"We now have a check list," she explained. "Principals will require lesson plans from teachers that will list the learner outcomes, so we will know learner outcomes have been taught."

Using the state's standards, Semones said there are 300 learner outcomes for each curriculum area. She said teachers have designed materials and lesson plans to ensure every student's opportunity for success.

"The more we teach the 300 learner outcomes, the higher our scores will be," said Semones. "I believe all kids can score well; we just have to work at it."

In the Upper Verde Valley, Cottonwood-Oak Creek School District students in elementary grades scored above the national average in reading and math, and just 1 percent below average in language. Averaged scores for students in Grades 6-8 indicate middle-school students performed better than their younger counterparts, and above their peers nationally, in all three subject areas.

"The seventh grade is traditionally an area of strength," said Assistant Superintendent Julie Larson, who oversees the district's curriculum development.

Compared to last year's scores, middle-school students from Oak Creek School and Cottonwood Middle School remained above the national average. Students' cumulative results indicate an approximate score of a 59th percentile in reading, a 64th percentile in math, and a 56th percentile in language.

In the elementary grades, DDB students outpaced the national average by 15 percentage points in reading and 16 in math, and edged up 5 percentage points in language. In contrast, Cottonwood Elementary School students scored in the 50th percentile in reading, 51st in math and 45th in language. Cornville students in Grades 1-5 at Oak Creek School averaged in the 56th percentile in both reading and math, but only the 48th percentile in language.

"We give teachers the test scores by school so they can look and analyze their weaknesses," explained Larson. "That's when teachers can set goals to make improvements."

Larson said the district has analyzed its curriculum by grade level and has aligned it directly to Arizona state standards.

Although the Stanford is indicative of achievement, she believes the Arizona Instrument to Measure Standards (AIMS) is more reflective of students' attainment of the state's curriculum standards.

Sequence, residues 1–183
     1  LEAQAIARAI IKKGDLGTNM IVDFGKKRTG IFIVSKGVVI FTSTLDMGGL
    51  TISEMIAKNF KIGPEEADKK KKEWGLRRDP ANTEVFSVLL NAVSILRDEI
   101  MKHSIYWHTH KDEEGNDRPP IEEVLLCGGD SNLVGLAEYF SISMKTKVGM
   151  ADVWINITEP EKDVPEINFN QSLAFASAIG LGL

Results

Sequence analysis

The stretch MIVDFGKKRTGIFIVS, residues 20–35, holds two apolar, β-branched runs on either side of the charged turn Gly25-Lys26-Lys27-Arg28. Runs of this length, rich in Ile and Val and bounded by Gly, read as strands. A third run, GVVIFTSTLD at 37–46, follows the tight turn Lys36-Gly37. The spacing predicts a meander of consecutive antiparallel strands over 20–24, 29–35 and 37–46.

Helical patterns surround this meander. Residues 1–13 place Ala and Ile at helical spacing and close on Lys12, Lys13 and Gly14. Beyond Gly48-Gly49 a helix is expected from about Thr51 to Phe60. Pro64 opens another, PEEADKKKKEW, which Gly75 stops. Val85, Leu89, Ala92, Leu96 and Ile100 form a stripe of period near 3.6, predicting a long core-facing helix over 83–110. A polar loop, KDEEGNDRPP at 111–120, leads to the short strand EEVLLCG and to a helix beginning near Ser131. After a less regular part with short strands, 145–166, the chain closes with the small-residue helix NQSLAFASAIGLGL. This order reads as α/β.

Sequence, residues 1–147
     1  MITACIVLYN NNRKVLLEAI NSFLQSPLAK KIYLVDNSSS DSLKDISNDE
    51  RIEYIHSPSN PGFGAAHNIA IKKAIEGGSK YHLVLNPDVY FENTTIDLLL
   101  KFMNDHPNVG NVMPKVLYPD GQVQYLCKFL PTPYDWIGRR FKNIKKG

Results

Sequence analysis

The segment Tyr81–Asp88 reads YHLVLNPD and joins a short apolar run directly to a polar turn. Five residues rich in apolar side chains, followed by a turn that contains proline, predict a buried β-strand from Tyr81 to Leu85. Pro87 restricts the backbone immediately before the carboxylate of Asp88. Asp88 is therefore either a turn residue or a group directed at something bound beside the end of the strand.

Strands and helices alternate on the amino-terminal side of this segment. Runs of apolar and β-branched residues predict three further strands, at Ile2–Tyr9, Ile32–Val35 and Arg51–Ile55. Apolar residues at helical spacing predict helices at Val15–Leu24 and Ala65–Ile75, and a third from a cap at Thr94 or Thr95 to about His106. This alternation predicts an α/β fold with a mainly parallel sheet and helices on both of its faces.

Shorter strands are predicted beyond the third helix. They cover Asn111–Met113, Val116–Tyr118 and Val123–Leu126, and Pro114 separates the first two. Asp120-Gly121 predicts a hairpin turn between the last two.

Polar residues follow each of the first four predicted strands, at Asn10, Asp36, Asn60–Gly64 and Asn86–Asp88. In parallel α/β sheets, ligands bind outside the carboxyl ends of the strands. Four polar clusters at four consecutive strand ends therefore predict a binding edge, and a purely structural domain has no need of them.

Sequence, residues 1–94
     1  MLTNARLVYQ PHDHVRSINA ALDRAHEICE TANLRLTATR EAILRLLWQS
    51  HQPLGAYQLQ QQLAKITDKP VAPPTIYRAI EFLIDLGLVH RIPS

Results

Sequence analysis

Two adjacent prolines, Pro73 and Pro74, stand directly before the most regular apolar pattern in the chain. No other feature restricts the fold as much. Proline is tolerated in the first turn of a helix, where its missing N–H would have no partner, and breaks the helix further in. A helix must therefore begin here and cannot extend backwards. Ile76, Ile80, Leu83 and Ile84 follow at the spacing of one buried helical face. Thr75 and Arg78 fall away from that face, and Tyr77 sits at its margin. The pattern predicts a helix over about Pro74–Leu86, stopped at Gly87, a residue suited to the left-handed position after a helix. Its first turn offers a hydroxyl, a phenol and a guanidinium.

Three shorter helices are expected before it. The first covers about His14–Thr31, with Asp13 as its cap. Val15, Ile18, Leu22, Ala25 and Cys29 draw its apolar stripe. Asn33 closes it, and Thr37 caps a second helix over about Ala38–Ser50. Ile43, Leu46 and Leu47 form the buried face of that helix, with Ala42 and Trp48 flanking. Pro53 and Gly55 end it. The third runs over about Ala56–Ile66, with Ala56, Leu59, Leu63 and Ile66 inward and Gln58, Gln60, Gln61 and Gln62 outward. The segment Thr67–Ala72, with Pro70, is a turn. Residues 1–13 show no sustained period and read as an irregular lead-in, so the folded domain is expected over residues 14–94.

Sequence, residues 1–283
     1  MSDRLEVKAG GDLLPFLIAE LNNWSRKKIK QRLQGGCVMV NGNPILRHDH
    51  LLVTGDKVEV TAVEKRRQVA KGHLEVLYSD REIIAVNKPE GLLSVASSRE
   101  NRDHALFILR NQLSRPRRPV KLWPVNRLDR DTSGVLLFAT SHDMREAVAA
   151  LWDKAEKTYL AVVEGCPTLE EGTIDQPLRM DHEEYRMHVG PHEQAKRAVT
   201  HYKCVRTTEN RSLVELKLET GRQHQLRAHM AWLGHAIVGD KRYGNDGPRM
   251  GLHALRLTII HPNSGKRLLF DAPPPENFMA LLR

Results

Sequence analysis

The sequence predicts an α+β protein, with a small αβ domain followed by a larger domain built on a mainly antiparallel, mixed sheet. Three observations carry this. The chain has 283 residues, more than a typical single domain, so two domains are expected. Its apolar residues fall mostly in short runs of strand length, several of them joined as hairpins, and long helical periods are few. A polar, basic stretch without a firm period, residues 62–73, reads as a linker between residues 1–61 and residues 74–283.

Students in Grades 1-5 at Clarkdale-Jerome edged up an average of 5 percentage points in both reading and math within the last year, but dropped 2 percentage points in language scores. In 2001 middle-school students inched up an average of just 1 percentile point in all three areas in comparison to Stanford 2000 scores.

Elementary students averaged in the 58th percentile in reading, in the 52nd in math, and in the 48th in language. Middle-school students scored an impressive 65th percentile in reading, a 57th percentile in math, and a respectable 53rd percentile for math.

Students in Grades 3 and 4 have caught the eye of Superintendent Bill Kelly. Both grade levels have scored well below average in all but the reading category in 2000.

"I want to know what's happening with the third and fourth grades – this year's fourth and fifth grades," he said.

But like other Verde Valley schools, the reading scores achieved by some of Kelly's youngest students especially impressed him. "Looking at Yavapai County, no one even comes close to our first-grade scores."

Spring 2001 was the first time Arizona's first-graders were assessed in reading on the Stanford Nine.

And Kelly has reason to be proud: Clarkdale-Jerome students received an impressive 84th percentile score, compared to other schools in the Verde Valley – or 15 percentage points above the second-highest score in the 69th percentile attained by DDB students.